Archives for March, 2012

29 Mar 2012
4

Lessons learned when working with Javascript Binding Expressions in CSJS

Hi everyone. Here’s a quick note on something i struggled with yesterday, but managed to resolve with the help of Tommy Valand and Paul Withers. Thank you gents :).

 

I find myself working more and more with Client Side Javascript to make use of Dojo, but still need access to Scoped Variables and Server-Side Objects. A typical way of running or accessing Server-Side objects is by using Javascript Binding Expressions in your CSJS Editor. Below are 2 examples of Javascript Binding Expressions:

  • “#{javascript:getComponent(‘ControlID’).getValue();}”
  • “#{javascript:viewScope.VariableName}”

 

PROBLEM 1

As a best practice I store all my functions in Script Libraries, and not directly in XPages. The advantages of this are:

  1. All your code and logic are stored centrally in a Script Library.
  2. If you need to modify any of your Script Libraries, you don’t need to re-build your Notes Database

So the problem I faced here is that my Javascript Expressions were not evaluating. They were returning null values even though I know for a fact that my expressions are correctly set.

Understanding Why

The reason my expressions weren’t evaluating is because they can only work in a XPage, Custom Control or Theme Design Element, and not a Script Library or external JS File.

Workaround

The solution to this is to run these Expressions inside the XPage or Custom Control where you have your function, and then pass the result of your expressions to the Javascript Function that exists in your Script Library.

I myself am not too crazy about this because now there’s more code that I have to maintain inside my XPages vs Script Library, but it’s not the end of the world.

 

PROBLEM 2

So now I placed my Javascript Binding Expressions in one of my XPages, within the onComplete Event of a button. They were no longer returning null values, but instead returning Empty String Values.

A Quick Scenario: A User creates a new document, and when clicking on the button, I have SSJS code that populates fields and Scoped Variables, and performs a partial refresh. The idea is that my code in the OnComplete event grabs the new values populated and uses Dojo to manipulate the page.

Understanding Why

The reason why my expressions were now returning Empty String Values is because the functions within the Javascript Expressions are rendered on Load of the XPage.

i.e. “#{javascript:viewScope.VariableName}” was rendered when the page was created, not when the button was clicked. The Scoped Variable was empty at that stage of the Page Loading.

Workaround

There  is a simple way around this, and it’s called a Remote Service. This is a Custom Control that ships with the XPages Extension Library. I’ve created a Video Tutorial that explains how this Service Works. In Short, a Remote Service allows you to call SSJS Functions within Client-Side Javascript, as well as passing parameters and getting a handle result.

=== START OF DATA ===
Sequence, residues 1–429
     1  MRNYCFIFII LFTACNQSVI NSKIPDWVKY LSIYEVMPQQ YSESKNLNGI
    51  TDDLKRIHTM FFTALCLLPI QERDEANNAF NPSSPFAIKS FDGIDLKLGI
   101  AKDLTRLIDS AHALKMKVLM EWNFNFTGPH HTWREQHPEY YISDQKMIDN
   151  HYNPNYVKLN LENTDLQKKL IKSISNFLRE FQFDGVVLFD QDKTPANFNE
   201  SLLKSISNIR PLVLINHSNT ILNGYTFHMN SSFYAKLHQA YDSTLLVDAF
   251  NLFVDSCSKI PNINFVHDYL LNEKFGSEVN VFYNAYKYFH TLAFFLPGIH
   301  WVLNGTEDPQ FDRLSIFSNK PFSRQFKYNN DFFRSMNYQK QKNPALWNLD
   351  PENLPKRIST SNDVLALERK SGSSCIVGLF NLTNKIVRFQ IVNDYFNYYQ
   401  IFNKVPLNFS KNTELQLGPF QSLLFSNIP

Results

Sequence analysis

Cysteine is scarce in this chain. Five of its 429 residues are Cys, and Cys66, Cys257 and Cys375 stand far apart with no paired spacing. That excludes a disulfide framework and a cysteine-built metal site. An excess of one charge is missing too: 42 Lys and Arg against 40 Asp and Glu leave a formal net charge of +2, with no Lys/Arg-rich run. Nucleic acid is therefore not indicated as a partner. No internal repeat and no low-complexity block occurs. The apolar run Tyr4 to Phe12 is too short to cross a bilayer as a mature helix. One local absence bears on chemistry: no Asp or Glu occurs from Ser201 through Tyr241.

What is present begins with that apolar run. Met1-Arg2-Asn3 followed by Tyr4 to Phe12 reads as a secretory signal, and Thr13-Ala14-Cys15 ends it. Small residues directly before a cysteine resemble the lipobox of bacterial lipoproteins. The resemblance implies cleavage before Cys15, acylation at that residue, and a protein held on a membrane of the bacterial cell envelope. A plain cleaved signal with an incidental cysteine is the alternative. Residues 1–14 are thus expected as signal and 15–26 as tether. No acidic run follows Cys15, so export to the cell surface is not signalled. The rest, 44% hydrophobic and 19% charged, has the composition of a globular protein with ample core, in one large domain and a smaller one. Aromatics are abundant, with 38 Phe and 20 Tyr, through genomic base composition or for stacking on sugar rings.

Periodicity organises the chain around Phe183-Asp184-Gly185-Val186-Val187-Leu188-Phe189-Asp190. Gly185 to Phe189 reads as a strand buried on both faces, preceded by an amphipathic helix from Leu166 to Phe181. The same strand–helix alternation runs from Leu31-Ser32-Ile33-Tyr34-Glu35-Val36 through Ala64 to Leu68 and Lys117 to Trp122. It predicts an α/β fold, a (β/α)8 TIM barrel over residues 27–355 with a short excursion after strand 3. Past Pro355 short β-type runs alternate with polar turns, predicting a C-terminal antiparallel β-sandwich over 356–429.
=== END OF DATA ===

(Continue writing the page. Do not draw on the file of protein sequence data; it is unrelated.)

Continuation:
Click Here to view the Tutorial on how to use Remote Services in your XPages.

 

I trust you found this Blog Post useful. I always appreciate feedback or better alternatives if you have any.

Until next time.

Cheers,

John.

15 Mar 2012
2

Use YSlow to measure your Site’s performance and more

Hi Everyone.  Here’s a quick post that I’m sure will make all the difference in your Web Dev Life.

There is a Browser plug-in called YSlow. You can install it on Firefox, Chrome, Safari, Opera and more. I’m going to use the Firefox plug-in for this example.

NOTE: For Firefox, you need to install Firebug to use this plug-in, as it’s an extension to Firebug.

Once you’ve installed the Firebug and YSlow plug-in, and restarted your Browser, do the following:

1. Open your Website. In my example I’m using my XPages Showcase for this example.

2. Push F12 on your keyboard. This will open the Firebug Window at the bottom of the Browser.

3. Click on the YSlow Tab. You’ll see an introduction Page, and a button at the bottom that says “Run Test”. This takes about 2-5 seconds to run.

 

 

4. Once completed, YSlow returns a set of results. You’ll get an overall Grade with a Performance score. (Please don’t judge me for getting a C. YSlow’s moaning at me for not optimizing CSS and JS files,  but there’s a reason for that…)

5. If you take a look at the 3rd Red Arrow on the Image, you’ll see it’s pointing to the Ruleset List. This is pretty awesome, because you can set the rules and benchmark for how your site should be measured. There is a YSlow Add-On called Web Metrics Framework, which is a ruleset that measures your Website according to Google’s Standards.

6. If you go into each of the sections that’s returned….e.g. Content…..you’ll get a second set of Tabs that Score you according to individual operations….See image below.

 

 

7. YSlow also comes with quite a bit of useful Hints, Tips and supporting documentation.

This add-on is easy to navigate, and very very useful. I hope it helps. Thanks Yahoo.

 

Cheers for now.

John